Lebanon,Jordan trying to contain Syria-related violence


Lebanon and Jordan moved aggressively on Monday to squelch the spread of violence from Syria’s deadlocked civil war, the most significant register yet of alarm over the strife spilling over Syrian borders.

Lebanese Army tanks and armored personnel carriers rolled into the streets of Beirut and Tripoli to stop a night of gunfights as the Lebanese military issued an extraordinary statement urging sectarian and political leaders to refrain from incitement to pull the country back from the brink.

“The country’s fate is at risk,” the statement said. “Tension in some areas is increasing to unprecedented levels.”

In Jordan, the authorities seized a ring of Jordanian extremists suspected of plotting mayhem with munitions from Syria, while Jordanian military skirmishes with suspected Islamic militants traversing the Syria-Jordan border left a Jordanian corporal dead — the first military casualty suffered by Jordan in connection with the Syria conflict since it began 19 months ago.

Fears that the Syrian uprising against President Bashar al-Assad could destabilize the Middle East have been growing for months as the conflict has aggravated sectarian tensions that cut across national boundaries and has sent more 300,000 refugees spilling into Turkey, Iraq, Jordan and Lebanon. But those fears escalated sharply on Friday when a large bomb obliterated a Beirut block, killing eight people including Brig. Gen. Wissam al-Hassan, the top Lebanese security official.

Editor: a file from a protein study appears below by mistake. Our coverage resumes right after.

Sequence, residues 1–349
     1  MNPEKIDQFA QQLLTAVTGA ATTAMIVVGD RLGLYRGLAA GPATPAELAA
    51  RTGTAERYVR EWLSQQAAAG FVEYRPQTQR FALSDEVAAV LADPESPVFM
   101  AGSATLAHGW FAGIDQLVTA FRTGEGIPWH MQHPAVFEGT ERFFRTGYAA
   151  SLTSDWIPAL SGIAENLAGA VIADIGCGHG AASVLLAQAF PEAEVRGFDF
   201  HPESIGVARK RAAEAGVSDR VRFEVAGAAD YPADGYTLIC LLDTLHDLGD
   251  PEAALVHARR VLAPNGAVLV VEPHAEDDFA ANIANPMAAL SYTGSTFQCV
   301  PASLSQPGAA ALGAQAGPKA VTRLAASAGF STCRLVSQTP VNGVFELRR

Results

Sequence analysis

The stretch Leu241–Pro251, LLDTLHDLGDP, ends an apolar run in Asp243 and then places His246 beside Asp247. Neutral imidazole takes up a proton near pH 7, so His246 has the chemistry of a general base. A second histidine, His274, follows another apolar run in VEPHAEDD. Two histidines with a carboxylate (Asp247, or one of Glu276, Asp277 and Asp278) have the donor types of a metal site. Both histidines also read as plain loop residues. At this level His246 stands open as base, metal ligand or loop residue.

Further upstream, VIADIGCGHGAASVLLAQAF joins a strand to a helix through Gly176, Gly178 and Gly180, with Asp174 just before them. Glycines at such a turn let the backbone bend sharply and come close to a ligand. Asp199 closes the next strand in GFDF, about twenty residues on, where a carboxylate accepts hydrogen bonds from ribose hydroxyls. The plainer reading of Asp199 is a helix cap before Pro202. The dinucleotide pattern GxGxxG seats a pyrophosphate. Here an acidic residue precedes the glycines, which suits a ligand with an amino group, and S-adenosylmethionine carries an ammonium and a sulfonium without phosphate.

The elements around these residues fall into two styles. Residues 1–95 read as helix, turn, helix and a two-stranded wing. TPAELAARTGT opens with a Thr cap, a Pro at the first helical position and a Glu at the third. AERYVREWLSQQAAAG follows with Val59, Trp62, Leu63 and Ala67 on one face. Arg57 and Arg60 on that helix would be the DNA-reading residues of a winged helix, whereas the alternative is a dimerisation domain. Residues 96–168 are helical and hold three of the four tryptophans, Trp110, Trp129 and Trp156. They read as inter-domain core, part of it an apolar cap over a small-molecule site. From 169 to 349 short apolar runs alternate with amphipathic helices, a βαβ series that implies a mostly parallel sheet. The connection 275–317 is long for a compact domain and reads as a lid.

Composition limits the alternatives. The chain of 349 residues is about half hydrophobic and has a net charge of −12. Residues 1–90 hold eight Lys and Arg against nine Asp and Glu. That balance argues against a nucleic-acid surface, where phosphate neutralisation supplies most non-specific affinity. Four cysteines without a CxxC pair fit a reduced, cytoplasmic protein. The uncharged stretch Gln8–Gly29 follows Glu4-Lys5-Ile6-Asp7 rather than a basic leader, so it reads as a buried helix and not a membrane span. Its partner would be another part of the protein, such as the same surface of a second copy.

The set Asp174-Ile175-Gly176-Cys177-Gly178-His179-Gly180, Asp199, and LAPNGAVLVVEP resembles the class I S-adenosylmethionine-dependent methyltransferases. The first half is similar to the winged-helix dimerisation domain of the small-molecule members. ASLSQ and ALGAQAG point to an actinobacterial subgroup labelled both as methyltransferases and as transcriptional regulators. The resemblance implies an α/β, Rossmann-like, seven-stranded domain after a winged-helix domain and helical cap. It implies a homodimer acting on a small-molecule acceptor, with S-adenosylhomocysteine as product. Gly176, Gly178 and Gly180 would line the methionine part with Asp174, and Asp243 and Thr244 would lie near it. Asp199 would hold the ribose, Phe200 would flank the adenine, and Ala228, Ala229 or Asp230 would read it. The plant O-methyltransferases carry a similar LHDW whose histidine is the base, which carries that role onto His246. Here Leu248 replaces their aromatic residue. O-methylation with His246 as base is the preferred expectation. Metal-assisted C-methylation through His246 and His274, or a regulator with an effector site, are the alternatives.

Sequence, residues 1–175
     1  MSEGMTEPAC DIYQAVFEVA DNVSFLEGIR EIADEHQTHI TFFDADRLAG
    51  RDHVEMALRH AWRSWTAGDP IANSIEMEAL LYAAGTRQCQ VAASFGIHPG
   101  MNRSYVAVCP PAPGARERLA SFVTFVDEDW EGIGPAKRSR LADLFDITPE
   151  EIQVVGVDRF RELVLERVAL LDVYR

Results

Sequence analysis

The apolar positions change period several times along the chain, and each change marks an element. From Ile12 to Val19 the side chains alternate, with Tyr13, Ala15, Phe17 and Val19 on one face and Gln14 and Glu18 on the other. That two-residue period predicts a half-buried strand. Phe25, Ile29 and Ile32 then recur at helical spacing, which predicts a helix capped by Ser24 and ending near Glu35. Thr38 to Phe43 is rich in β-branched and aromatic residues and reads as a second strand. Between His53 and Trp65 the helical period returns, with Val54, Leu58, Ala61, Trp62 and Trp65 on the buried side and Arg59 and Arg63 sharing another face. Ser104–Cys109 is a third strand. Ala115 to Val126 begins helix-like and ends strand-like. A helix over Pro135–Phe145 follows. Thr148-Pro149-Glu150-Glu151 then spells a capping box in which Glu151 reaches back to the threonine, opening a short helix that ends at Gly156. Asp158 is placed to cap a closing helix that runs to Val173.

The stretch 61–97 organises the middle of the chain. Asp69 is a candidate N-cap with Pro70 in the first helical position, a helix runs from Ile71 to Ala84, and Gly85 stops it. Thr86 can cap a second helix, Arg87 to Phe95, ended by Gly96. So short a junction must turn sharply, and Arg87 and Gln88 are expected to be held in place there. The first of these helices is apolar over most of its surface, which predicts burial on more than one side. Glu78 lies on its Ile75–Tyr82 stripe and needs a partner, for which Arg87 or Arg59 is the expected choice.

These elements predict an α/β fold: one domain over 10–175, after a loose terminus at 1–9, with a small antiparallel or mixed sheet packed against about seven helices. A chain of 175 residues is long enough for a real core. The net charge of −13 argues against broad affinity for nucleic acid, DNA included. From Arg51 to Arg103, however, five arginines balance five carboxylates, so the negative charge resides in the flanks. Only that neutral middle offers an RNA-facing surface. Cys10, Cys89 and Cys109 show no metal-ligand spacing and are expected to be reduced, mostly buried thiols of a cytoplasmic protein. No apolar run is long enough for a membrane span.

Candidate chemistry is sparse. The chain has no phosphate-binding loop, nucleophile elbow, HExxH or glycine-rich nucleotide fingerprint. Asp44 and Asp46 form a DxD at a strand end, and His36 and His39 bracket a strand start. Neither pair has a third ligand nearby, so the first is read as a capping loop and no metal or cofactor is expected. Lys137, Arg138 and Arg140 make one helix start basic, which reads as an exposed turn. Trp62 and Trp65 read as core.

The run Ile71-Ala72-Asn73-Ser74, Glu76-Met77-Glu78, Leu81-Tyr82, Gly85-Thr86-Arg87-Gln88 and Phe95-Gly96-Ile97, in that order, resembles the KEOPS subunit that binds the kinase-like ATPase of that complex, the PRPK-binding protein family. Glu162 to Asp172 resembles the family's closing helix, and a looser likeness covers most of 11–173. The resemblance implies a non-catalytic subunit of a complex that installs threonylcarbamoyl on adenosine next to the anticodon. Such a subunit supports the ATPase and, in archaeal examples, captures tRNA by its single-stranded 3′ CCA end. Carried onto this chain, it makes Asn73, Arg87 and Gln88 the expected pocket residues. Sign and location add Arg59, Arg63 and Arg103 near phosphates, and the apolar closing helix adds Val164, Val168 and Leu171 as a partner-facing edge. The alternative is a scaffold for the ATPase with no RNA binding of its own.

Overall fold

The blast was followed by a weekend of roadblocks, sporadic street protests and isolated clashes in Lebanon. General Hassan, the head of internal security, was a hero to many Sunni Muslims, Christians and others here for his efforts to expose assassinations and other political meddling by the Syrian government, which is a close ally of the politically dominant Lebanese Shiite militant group, Hezbollah.

Mourners at the general’s funeral chanted against Mr. Assad and some waved the flags of the Free Syrian Army battling to oust him. Mr. Assad and much of the ruling elite belong to a sect considered an offshoot of Shiism, while the Free Syrian Army is dominated by Sunnis. The proximity of that conflict and the car bombing that killed the general brought back smoldering grudges but also a feeling of dread left from Lebanon’s own bloody, 15-year civil war.

By Monday night, Lebanese state news media said that at least 4 people were dead, at least 20 injured and nearly 50 under arrest in connection with clashes set off by the Beirut bombing. Three of those killed and most of the injuries were in the northern city of Tripoli near the Syrian border, a flash point with armed groups on both sides of Syria’s sectarian divide.

In Washington on Monday, a State Department spokesman said that the United States would send an F.B.I. team to help Lebanon investigate the bombing.

Although the Hezbollah-dominated government is normally hostile to Washington, Lebanon’s chief of Internal Security Forces, General Ashraf Rifi, confirmed in a telephone interview that judicial authorities had accepted the F.B.I.’s offer of assistance. He said that “technical experts” from the bureau would arrive within 48 hours to survey the crime scene.